Binding site patches were generated using the SiteHopper create tool, utilizing fpocket surface protein atoms as a pseudo-ligand and isolating binding site patches from the original protein structure. The BSC performance of SiteHopper was assessed for its ability to find structural similarity between a query patch and analogous patches derived from the same protein. Six protein targets of relevance to small molecule therapy were selected from the sc-PDB (2013) database as exemplar queries (Additional file 1: Table S1). To assess the impact of incorporating binding site detection into BSC, the retrieval performance of SiteHopper was first evaluated utilizing only binding site patches defined surrounding an observed bound ligand. This ligand-dependent dataset contains 9275 known binding sites and is referred to as the ligCav dataset. The sc-PDB (2013) database was also processed by fpocket to produce a dataset of 24,345 potential binding sites (including known binding sites), for which SiteHopper patches were generated. Retrieval performance was evaluated through generation of ROC curves along with two early enrichment metrics: The EF at 5% and the BEDROC at α = 20 . Table 1 summarizes the ability of SiteHopper to detect structural similarity between analogous binding sites derived from structures of the same protein, for both the ligCav and fpocket-derived datasets.
As described above, the incorporation of fpocket cavity detection into BSC introduces the potential for noise in the binding site dataset compared to only defining binding sites surrounding observed bound ligands, and this may result in poorer retrieval performance metrics. However, in our retrieval analysis, we only observed a slight impact on BSC performance using early enrichment metrics; the AUROC enrichment remains high when compared to retrieval analyses performed using the ligCav dataset. Thus, the incorporation of fpocket objective cavity detection into BSC workflows is not associated with an unreasonable decrease in retrieval capability. In summary, we show that SiteHopper is able to identify structural similarity between potential binding sites that have been detected objectively from protein structure coordinates.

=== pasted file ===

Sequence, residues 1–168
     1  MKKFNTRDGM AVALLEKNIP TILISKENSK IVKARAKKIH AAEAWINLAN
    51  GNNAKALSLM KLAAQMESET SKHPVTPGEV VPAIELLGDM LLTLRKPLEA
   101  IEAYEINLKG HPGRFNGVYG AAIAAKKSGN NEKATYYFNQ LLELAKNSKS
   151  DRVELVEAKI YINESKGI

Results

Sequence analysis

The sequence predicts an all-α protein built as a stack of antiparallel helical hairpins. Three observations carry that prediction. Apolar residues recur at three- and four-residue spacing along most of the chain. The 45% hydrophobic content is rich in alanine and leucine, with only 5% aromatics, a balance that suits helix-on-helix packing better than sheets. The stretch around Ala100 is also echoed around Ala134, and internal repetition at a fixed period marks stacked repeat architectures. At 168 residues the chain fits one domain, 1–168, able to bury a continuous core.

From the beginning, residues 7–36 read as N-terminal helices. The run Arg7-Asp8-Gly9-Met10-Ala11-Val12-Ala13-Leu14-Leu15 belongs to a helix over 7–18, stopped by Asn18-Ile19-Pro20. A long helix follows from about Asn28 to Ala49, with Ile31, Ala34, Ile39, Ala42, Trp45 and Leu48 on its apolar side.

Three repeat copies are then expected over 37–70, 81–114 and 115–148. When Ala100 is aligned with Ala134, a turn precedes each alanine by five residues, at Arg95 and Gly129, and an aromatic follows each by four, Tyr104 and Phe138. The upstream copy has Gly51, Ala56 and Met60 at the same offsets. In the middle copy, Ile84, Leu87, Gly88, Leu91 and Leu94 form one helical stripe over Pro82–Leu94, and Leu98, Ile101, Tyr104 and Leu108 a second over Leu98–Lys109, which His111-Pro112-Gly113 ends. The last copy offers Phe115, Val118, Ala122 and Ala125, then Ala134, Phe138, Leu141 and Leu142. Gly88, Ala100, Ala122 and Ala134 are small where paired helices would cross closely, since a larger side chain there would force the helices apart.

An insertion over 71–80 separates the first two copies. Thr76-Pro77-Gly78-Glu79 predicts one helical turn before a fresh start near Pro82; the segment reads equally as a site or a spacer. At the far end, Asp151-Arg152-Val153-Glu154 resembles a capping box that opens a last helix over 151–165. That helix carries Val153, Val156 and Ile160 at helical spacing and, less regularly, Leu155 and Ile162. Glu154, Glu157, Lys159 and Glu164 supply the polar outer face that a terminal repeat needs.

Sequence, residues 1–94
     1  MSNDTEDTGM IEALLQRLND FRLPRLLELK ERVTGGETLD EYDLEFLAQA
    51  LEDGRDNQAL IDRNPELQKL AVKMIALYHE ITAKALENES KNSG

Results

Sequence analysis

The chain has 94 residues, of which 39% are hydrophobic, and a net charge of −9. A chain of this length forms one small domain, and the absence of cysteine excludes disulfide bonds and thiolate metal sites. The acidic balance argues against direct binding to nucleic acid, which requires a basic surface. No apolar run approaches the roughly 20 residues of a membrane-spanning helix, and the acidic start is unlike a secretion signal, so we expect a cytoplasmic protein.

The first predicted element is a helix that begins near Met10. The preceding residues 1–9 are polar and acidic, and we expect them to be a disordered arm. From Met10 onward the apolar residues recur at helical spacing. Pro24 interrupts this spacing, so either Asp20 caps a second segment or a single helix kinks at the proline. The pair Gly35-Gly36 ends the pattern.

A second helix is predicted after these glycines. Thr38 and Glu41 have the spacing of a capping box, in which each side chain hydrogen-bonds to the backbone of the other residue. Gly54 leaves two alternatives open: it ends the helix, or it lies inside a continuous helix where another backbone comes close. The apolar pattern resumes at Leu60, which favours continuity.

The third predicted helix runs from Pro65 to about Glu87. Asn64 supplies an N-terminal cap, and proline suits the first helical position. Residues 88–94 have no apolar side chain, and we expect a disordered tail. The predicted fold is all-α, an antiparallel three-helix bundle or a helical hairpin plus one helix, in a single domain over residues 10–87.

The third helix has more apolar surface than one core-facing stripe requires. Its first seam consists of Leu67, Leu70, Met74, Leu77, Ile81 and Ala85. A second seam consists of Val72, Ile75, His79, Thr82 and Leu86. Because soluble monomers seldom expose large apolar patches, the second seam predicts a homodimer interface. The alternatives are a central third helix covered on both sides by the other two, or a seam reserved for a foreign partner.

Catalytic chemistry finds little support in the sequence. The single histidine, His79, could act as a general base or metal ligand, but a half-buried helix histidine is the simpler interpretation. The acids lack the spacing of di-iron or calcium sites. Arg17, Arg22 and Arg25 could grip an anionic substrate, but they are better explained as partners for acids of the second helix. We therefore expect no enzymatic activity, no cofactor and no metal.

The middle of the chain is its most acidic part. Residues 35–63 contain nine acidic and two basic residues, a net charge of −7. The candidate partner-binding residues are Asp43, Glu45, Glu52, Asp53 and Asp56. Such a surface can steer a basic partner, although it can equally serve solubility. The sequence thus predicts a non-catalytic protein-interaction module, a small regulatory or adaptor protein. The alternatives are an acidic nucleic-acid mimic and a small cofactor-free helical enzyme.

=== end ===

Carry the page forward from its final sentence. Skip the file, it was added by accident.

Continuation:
Interestingly, we observed a variation in retrieval rates across protein targets. Retrieval scores for the acetyl-lysine binding site of BRD4 are high, likely due to the rigidity of the protein structure surrounding this site. On the contrary, EF at 5% and BEDROC for the protein kinase CDK2 are relatively poor, likely due to the flexibility and range of protein conformations exemplified by crystal structures of this protein. Upon inspection of instances where structural similarity was expected, but not assigned a high SiteHopper score, we found that, in many cases, analogous fpocket-detected potential binding sites showed structural variability. This observation highlights the importance of consistency in the binding site detection tool; for example, upon inspection of cavities detected for prothrombin, we found that overlapping but dissimilar fpocket-detected sites were extracted from very similar protein conformations. This exemplifies how the objective implementation of fpocket binding site detection can still introduce noise into the BSC workflow despite the modifications we describe.